MRO, Cargo Push Lufthansa Back Into Profit

The group reported pre-tax profit of €340 million ($346 million) for the three months to Jun. 30, 2022.
Credit: Lufthansa Technik

Despite significant recovery across its core airline operations, Lufthansa relied on its MRO and cargo segments to finally return to profit in the second quarter of the year.

The group reported pre-tax profit of €340 million ($346 million) for the three months to Jun. 30, versus €979 million loss in the prior-year period.

Lufthansa Technik (LHT) contributed €112 million to group earnings before interest and tax, versus negative €120 million from the airlines. It noted that “demand for MRO and catering services is picking up again overall on the back of rising booking numbers, especially in North America.”

Lufthansa added: “Lufthansa Technik’s business in the first half of 2022 was shaped by recovery from the coronavirus crisis, increasing demand for flights, and thus increasing demand from airlines for maintenance and repair services.”

However, the recovery of maintenance demand was tempered by loss of business in Russia—where the company has Lufthansa Technik Vostok Services in Moscow—as well as supply chain challenges and higher prices for materials.

Driven by the price- and volume-related increase in the cost of materials and services and higher staff costs due to the reduction in short-time work, operating expenses climbed 40% in the quarter while revenues rose 42% to reach €1.27 billion.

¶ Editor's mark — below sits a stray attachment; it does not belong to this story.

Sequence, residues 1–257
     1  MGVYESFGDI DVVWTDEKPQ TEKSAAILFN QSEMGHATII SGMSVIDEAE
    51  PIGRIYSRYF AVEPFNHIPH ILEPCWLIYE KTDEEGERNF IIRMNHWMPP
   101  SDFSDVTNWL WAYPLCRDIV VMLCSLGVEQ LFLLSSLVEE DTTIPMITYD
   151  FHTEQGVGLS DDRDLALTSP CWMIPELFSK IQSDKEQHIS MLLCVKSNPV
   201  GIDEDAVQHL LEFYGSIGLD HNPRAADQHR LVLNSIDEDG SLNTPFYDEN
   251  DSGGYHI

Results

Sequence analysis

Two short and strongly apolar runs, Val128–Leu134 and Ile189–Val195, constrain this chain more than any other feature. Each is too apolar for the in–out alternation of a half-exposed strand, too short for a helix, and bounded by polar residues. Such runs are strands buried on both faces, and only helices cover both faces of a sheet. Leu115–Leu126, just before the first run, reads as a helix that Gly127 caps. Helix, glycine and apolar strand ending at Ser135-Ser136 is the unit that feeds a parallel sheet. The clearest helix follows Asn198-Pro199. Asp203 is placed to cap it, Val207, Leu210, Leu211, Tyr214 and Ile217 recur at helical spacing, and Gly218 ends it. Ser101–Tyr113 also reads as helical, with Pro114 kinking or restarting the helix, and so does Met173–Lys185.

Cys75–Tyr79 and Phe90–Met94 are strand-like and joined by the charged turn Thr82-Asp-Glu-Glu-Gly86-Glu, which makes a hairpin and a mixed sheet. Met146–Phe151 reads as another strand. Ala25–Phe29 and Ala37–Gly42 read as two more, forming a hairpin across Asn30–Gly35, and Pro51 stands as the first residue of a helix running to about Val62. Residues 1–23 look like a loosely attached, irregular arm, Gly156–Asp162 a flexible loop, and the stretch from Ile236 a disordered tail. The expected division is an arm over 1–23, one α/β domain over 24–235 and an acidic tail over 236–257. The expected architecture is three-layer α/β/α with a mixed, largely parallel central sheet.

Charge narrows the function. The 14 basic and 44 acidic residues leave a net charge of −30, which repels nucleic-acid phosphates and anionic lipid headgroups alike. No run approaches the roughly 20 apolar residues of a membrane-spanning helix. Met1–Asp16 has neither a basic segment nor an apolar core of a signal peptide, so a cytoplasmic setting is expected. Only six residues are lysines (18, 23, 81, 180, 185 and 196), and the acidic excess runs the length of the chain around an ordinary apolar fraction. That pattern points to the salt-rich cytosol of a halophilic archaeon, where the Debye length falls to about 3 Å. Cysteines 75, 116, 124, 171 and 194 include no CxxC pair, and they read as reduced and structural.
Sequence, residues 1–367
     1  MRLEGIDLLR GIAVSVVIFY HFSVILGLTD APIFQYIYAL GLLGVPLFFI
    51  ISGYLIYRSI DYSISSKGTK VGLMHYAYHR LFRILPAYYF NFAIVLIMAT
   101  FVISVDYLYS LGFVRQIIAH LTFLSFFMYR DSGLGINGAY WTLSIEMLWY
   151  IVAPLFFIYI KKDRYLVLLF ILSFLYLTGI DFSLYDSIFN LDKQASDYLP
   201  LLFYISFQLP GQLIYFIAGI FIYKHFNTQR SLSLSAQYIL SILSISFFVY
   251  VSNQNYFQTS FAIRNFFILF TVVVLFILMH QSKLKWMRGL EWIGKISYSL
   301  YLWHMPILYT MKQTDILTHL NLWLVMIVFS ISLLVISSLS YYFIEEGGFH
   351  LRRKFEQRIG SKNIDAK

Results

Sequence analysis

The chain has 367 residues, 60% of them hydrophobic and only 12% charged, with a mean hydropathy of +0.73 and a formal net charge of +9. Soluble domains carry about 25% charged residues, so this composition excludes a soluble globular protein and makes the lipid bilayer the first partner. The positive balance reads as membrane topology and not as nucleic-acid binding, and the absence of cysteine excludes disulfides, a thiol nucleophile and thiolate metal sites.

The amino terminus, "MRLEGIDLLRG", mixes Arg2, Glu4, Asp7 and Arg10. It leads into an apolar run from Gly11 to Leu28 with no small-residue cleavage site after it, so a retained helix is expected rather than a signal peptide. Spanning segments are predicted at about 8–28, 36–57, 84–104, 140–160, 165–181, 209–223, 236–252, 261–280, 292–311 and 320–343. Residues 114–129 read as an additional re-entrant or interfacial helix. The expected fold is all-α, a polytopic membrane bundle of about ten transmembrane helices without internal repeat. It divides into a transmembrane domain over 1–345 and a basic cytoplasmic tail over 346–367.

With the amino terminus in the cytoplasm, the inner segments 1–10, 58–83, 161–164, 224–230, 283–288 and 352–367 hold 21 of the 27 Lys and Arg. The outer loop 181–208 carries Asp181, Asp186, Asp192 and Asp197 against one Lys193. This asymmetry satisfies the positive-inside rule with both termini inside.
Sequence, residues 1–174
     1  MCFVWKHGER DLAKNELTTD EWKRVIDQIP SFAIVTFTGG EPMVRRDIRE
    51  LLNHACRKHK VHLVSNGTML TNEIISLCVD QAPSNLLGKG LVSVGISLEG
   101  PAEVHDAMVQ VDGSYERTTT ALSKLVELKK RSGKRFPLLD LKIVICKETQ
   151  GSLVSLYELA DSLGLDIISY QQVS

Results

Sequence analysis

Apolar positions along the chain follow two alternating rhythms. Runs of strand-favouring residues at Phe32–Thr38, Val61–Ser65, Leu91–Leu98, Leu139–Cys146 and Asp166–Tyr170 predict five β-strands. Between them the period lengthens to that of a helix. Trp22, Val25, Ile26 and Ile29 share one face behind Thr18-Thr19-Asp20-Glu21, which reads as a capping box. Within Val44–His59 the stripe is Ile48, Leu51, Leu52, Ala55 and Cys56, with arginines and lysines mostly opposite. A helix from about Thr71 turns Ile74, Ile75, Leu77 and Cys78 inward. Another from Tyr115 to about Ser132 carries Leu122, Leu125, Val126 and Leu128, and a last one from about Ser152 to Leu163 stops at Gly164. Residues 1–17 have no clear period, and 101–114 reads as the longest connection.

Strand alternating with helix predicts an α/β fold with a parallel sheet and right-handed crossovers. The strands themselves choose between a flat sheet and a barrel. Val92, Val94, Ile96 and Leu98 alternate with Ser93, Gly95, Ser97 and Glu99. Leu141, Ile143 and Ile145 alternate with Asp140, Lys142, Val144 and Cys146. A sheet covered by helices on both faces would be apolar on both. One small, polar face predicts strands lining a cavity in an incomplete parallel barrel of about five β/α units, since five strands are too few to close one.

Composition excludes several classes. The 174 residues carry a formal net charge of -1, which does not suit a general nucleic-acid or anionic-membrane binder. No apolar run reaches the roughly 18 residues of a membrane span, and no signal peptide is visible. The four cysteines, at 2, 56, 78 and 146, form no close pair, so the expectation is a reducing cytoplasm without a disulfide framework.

Management noted that strict cost controls had helped keep the rise in expenses under control.

With the Russia crisis weighing on some external business, Lufthansa Group-linked activity grew fastest for the MRO provider, rising 75%, while third-party revenue increased 33% year on year.

Nonetheless, third-party customers are still the bulk of LHT’s business, accounting for almost three-quarters of its revenue in the recent quarter. 

In fact, LHT claims to service one out of every five passenger aircraft in the global commercial fleet, and it is looking forward to benefiting through the ongoing global recovery in demand.

Alex Derber

Alex Derber, a UK-based aviation journalist, is editor of the Engine Yearbook and a contributor to Aviation Week and Inside MRO.